The black stones were a surprise because they seemed to bear no relationship with the geology of the gorge. And I do remember now, playing with the stones, and surely stacking them while we sat there looking out to the sea, continuing the conversation. But I was not stacking stones in the way Sophie Haigney’s story refers to.
Really. I can say that with confidence because Amie reminds me that the oblong oval-shaped stones were not stackable. So I tried my best, but could not get one to rest upon another. That said, I am also confident that while not superstitious I was still able to make wishes, and then take actions to fulfill them.
If I have done it, it would have been once. And hopefully less of an issue than the examples given in this story below. It was a day in September, 1983 and I had traveled to Greece with two childhood friends, all of us now in early adulthood. With us was one new friend, who we had met in JFK airport just prior to departure.
On the island of Crete, we left Xania well before sunrise to hike from the top to the bottom of Samaria Gorge, as far south in Greece as you can get and still be on land. With every switchback of our descent, I was getting more and more lost in conversation with our new friend, so that by the time we reached the bottom of the gorge I wondered where the day had gone. After a full day of hiking, lost in conversation or otherwise, the stones of the gorge play on your mind.
At this point you pass through one last formation that is so stunning that if you had not been thinking of playing with stones until now, you had not been paying enough attention. And that was my case. I remember walking silently through this last section and not talking again until the very end, when you spill onto a beach formed by smooth black stones, facing south, nothing but water until you reach Africa. There, in Agia Roumeli, you can get a cool drink before a boat takes you back to Xania. And while you wait for the boat, if you have something to wish for, you may find yourself stacking those smooth black stones.
My photographs from that day, somewhere in storage, would show the beginning, long middle sections, and end of that day. If I did stack stones the evidence will be in those photos, and I will find them. For now I have linked to photos from the blog of a Cretan travel consortium to give a hint of what the place looks like, and as a recommendation to others to visit. Sophie Haigney, writing on the New Yorker website, gave me reason just now to think about my own culpability in what can now be described as a dangerous, destructive form of travel footprint, and I thank her for bringing this to our attention:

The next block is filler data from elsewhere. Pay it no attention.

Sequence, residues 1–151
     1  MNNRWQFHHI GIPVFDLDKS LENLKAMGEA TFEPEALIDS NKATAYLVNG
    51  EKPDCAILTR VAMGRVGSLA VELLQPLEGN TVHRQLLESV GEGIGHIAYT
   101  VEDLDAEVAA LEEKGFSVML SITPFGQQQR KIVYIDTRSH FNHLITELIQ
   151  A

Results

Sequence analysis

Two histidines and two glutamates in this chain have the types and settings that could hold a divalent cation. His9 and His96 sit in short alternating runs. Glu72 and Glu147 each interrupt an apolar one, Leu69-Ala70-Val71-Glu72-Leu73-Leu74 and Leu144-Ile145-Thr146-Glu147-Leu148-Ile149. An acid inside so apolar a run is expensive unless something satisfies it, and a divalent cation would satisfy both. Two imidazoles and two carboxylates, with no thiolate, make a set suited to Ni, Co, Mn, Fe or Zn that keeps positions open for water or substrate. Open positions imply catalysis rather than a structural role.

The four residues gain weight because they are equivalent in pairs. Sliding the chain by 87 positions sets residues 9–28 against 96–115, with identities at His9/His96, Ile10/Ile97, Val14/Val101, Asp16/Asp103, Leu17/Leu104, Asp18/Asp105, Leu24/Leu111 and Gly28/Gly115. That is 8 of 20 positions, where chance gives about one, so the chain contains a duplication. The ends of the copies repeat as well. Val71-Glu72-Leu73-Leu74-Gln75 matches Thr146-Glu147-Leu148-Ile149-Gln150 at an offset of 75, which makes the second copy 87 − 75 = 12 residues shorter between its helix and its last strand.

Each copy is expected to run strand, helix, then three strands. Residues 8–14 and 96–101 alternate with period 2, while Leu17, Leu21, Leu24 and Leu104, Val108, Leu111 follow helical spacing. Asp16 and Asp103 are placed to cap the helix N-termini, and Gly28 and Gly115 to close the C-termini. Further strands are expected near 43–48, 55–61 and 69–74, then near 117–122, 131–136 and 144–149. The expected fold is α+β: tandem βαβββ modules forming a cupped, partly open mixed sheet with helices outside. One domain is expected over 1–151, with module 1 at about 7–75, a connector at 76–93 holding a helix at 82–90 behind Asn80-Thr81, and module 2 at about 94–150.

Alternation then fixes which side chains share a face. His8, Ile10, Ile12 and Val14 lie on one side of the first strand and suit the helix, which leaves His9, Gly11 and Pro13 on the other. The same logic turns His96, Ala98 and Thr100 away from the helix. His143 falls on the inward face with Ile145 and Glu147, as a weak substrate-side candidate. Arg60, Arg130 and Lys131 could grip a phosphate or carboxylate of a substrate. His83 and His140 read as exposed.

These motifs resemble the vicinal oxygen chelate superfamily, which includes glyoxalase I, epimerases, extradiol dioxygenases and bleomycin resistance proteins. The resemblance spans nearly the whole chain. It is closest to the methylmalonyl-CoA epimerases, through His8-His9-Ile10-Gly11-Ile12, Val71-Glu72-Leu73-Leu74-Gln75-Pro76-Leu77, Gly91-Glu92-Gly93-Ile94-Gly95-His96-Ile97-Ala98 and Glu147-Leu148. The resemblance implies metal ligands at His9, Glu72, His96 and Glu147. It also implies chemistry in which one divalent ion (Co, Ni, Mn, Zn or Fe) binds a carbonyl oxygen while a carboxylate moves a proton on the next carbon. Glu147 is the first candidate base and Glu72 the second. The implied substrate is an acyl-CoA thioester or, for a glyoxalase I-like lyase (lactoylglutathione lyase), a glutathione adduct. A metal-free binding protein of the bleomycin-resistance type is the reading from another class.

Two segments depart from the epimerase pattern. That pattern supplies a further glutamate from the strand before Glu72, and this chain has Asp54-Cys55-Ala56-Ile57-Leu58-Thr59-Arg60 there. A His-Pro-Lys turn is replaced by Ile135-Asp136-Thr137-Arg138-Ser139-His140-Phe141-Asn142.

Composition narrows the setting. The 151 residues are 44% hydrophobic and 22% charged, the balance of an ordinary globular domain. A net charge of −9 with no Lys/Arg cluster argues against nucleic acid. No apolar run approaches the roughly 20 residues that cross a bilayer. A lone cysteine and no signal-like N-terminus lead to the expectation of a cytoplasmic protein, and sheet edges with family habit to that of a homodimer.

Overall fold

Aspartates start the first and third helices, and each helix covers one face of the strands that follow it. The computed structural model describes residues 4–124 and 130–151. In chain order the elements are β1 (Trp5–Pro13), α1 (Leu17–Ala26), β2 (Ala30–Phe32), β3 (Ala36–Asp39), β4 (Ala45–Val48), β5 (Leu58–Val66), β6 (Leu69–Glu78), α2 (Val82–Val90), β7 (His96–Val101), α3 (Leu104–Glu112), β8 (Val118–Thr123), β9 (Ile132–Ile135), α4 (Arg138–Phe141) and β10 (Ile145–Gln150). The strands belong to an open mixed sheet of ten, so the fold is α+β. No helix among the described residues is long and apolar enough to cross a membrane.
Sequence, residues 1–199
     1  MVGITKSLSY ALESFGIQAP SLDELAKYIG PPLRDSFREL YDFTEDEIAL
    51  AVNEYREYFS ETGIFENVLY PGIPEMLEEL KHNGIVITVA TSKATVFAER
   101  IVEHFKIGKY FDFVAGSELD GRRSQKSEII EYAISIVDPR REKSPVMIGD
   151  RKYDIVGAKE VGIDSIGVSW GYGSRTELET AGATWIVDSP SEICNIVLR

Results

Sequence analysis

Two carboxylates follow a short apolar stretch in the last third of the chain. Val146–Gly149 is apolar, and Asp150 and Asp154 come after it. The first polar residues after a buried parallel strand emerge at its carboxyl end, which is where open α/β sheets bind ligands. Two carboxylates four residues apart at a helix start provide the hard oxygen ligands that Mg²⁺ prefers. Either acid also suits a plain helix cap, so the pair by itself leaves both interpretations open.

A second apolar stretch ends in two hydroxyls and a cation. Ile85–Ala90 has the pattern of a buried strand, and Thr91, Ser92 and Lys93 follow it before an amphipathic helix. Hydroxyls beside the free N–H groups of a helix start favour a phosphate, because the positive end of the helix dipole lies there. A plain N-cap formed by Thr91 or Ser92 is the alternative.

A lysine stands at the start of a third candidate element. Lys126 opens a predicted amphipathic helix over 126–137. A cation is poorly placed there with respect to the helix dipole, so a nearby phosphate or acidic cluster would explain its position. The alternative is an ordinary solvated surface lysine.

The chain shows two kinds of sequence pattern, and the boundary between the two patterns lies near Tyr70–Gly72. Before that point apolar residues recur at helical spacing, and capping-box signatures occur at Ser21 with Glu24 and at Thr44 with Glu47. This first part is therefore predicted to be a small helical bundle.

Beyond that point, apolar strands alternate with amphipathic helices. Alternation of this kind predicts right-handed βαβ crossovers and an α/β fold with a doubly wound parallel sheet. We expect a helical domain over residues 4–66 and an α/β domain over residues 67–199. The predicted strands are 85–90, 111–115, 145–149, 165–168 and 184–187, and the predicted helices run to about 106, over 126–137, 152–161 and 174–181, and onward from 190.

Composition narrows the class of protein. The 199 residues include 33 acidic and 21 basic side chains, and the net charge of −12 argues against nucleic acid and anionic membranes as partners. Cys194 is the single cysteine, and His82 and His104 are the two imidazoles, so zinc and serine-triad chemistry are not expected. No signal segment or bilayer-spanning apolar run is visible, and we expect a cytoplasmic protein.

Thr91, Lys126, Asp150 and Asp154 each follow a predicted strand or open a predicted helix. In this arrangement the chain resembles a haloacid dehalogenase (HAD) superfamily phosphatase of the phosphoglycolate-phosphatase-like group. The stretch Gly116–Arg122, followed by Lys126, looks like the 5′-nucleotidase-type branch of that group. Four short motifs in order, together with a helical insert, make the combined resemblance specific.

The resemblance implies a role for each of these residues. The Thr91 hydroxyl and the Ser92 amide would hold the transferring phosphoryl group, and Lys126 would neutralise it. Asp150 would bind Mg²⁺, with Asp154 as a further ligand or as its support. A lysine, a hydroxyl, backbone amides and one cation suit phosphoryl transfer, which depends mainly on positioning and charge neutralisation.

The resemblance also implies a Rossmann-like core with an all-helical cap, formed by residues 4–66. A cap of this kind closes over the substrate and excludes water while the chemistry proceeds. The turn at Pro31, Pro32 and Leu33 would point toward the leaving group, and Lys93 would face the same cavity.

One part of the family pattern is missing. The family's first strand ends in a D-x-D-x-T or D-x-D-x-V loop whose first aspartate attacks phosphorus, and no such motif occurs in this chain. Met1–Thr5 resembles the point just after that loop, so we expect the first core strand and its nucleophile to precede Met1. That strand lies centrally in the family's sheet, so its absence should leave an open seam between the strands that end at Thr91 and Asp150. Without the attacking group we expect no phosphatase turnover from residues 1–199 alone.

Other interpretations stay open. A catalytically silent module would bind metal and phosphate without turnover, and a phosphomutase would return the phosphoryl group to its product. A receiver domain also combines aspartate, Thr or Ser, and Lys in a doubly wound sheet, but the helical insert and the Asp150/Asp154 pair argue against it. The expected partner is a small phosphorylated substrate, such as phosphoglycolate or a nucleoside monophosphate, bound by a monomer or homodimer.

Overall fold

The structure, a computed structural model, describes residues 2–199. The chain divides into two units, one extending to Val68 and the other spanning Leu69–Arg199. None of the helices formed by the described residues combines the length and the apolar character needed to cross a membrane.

The photograph in the Facebook post is pretty: piles of red rocks balanced at the edge of a cliff, suggesting a miniature mirror of the jagged rock face opposite. The stacks look like small shrines to mountain solitude, carefully balanced at the edge of a precipice. But when Zion National Park posted the photo, in September, the social-media coördinators for the park included a plea: “Please, enjoy the park but leave rocks and all natural objects in place.” The post noted the “curious but destructive practice” of building small stone towers, and said, “stacking up stones is simply vandalism.” Continue reading
Sydney, New South Wales, Australia
Katherine Bagley, Managing Editor at Yale Environment 360 (Yale e360, one of our go-to sources on this platform), has this to say:
The world’s cities are expected to grow by another 2.5 billion people by 2050. A new collection of satellite images starkly illustrates the sheer size and imprint of the world’s urban centers and their vulnerability in the face of population growth and climate change.
Driven by rapid economic expansion and global trade, the world’s urban population has more than quintupled since the mid-20th century, from 751 million people in 1950 to 4.2 billion today. Centuries-old cities have pushed upward and outward to accommodate the influx of people, and entirely new megacities, home to tens of millions, have sprung up.
Nowhere can this swift urban growth be seen as vividly as from space. In their new book City Unseen, geographers Karen C. Seto and Meredith Reba, experts in urbanization and global change, offer a collection of satellite images from all seven continents that exhibit the massive imprint these cities have on the landscapes around them.
“If you look at images of Las Vegas and Lagos and Shenzhen, you see how much land it takes to house billions people, and it’s astonishing,” Seto, a professor of geography and urbanization science at the Yale School of Forestry & Environmental Studies, says. “But the impact of urbanization is not only the direct land these people live on. It’s all these other non-urban places where we need to extract resources to house and electrify, to operate these cities. That’s part of the story too.” Continue reading